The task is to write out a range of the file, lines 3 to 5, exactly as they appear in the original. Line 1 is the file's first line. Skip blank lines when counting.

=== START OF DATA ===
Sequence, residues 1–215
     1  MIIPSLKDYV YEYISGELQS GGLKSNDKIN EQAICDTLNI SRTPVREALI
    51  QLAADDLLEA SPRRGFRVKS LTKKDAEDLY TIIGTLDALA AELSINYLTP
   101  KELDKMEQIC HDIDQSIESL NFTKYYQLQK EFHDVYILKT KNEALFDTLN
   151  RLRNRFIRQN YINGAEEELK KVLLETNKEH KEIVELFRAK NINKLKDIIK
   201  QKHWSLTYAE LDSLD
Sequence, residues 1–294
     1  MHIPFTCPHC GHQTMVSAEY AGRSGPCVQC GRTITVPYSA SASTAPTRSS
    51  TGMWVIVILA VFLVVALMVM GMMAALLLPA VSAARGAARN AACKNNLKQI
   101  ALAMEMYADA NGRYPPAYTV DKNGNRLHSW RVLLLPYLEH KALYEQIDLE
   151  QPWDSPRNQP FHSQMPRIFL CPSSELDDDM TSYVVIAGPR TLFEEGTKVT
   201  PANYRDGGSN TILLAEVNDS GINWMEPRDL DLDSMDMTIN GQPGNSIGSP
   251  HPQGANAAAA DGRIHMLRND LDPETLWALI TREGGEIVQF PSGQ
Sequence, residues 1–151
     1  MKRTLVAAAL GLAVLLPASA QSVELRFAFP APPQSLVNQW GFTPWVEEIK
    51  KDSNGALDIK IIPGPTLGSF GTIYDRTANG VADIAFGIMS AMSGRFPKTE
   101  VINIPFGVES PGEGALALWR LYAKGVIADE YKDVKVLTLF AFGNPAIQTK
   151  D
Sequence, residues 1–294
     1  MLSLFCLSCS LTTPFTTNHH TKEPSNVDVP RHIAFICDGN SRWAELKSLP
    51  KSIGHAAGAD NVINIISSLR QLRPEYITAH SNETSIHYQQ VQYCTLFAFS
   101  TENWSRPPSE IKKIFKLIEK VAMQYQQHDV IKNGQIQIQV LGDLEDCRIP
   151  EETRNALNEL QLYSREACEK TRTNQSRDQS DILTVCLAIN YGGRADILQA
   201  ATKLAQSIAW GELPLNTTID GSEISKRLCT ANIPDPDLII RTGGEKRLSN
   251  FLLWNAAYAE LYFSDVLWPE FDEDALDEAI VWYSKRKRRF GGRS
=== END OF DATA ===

    51  QLAADDLLEA SPRRGFRVKS LTKKDAEDLY TIIGTLDALA AELSINYLTP
   101  KELDKMEQIC HDIDQSIESL NFTKYYQLQK EFHDVYILKT KNEALFDTLN
   151  RLRNRFIRQN YINGAEEELK KVLLETNKEH KEIVELFRAK NINKLKDIIK